Professor Chris Dowson and his team in the School of Life Sciences have been awarded £3.19 million in funding to support a flagship project into antimicrobial resistance (AMR). The funding will enable multi-partner collaborations in order to tackle the growing threat of superbugs as part of a co-ordinated multi-disciplinary effort to fight their prevalence.
Awarded by a cross research council initiative to tackle AMR comprising of the Medical Research Council (MRC) and the Biological Sciences Research Council (BBSRC), the funding marks one of the largest UK public grant investments in AMR research which has enabled our academics to focus their research on the global challenges our world faces today.
Researchers, Prof Chris Dowson, Prof David Roper, Dr Adrian Lloyd of the School of Life Sciences and Prof Matthew Turner of the Department of Physics, are investigating a vital link in the chain of antimicrobial resistance – the bacterial cell wall. The main component of the wall is called peptidoglycan, which is the key target of penicillin and other similar antibiotics.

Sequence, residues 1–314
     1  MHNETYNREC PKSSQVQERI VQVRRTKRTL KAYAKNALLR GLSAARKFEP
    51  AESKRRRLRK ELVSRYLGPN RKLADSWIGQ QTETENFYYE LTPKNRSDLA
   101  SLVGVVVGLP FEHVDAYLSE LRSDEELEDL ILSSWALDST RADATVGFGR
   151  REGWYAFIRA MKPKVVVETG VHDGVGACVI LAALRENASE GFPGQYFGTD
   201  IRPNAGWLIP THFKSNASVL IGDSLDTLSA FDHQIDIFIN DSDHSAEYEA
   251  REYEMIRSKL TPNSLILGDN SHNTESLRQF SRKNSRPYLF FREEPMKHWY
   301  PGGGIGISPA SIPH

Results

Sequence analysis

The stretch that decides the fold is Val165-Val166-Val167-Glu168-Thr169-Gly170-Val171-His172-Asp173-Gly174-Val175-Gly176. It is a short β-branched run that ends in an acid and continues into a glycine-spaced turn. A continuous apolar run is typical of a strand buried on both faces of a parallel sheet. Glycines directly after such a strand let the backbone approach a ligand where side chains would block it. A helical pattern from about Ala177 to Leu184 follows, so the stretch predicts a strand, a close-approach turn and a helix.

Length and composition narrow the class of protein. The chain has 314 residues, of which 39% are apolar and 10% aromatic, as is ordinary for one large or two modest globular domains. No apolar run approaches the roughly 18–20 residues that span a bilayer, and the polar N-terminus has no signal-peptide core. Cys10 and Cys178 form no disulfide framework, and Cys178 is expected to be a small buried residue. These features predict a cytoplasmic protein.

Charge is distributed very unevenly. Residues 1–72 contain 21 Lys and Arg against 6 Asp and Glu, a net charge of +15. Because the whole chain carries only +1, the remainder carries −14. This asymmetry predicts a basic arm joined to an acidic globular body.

Despite its important role, little is known about how peptidoglycan is made and how antibiotics interfere with it at the biochemical, structural and cellular levels.
Without this knowledge, the researchers argue, we’re unlikely to understand how to develop new, effective cell wall targeting antibiotics.
The project will pull together a unique group of world leaders, from institutions including the Universities of Warwick, Oxford, Sheffield, Southampton and Newcastle, in bacterial chemistry, genetics, physics and physiology in the area of peptidoglycan metabolism, structure and architecture.
Further to academic collaborations, the pharmaceutical industry and charities will also work hand in hand with the researchers on a global scale with the aim of unlocking new types of antibiotics.